More than a quarter of adults across the world don’t get a sufficient amount of exercise, according to a World Health Organization (WHO) study released in September. The study used data from 358 surveys across 168 countries and 1.9 million people.
To be exact, 27.5 percent, or nearly 1.4 billion adults as the study estimates, don’t get enough exercise on a week-to-week basis, which could lead to health problems related to inactivity down the road.
According to a CDC report released in June, sufficient amount of physical activity, including activity during free time, is 150 minutes of moderate-intensity exercise or 75 minutes of vigorous-intensity exercise per week.
The difference in the number of people getting insufficient exercise between genders is notable. Over 8 percent separates the men (23.4 percent) and women (31.4 percent).
The numbers haven’t changed much since the data started being collected in 2001. The insufficient exercise percentage internationally in 2001 was 28.5 percent, just slightly greater than the 27.5 percent mark recorded in 2016.
The highest levels of inactivity in 2016 were reported in Latin America and the Caribbean (39.1 percent), high-income Western countries (36.8 percent), high-income Asian Pacific (35.7 percent) and southern Asia (33 percent). The lowest figures came in Oceania (16.3 percent), east and southeast Asia (17.3 percent) and sub-Saharan Africa (21.4 percent).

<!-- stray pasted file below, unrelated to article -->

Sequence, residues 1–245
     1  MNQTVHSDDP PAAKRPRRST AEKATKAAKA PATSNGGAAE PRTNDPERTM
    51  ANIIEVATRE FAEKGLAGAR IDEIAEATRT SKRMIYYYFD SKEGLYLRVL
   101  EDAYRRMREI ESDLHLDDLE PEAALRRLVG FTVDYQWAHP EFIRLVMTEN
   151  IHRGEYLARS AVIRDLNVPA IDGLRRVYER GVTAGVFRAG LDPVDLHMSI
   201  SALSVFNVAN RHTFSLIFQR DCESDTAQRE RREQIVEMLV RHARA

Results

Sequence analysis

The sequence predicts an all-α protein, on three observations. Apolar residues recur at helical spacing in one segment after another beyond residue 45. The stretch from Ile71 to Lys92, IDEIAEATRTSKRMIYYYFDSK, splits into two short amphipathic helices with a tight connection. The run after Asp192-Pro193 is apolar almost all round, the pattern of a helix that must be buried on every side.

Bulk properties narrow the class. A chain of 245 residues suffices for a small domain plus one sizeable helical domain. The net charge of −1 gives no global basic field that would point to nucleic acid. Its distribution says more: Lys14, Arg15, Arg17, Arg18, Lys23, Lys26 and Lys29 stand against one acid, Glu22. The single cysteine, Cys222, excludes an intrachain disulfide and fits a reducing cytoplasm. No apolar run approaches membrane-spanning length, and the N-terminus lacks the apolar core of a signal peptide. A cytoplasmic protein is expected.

The health problems resulting from not getting enough exercise are well-documented and include numerous cardiovascular problems.
Different income levels also produced a major disparity in results. Low-income countries had 16.2 percent of their adults getting insufficient exercise compared to medium-income countries (26.0) and high-income countries (36.8).
According to the CDC report, only 22.9 percent of American adults ages 18-64 met both of the federal physical activity guidelines of exercising at least 150 minutes of moderate exercise or 75 minutes of vigorous exercise, and do muscle-strengthening exercises twice a week.
The average of American adult men who met both guidelines was 27.2 percent while the women were at 18.7 percent.
TJ Mathewson is a junior journalism student at Arizona State University.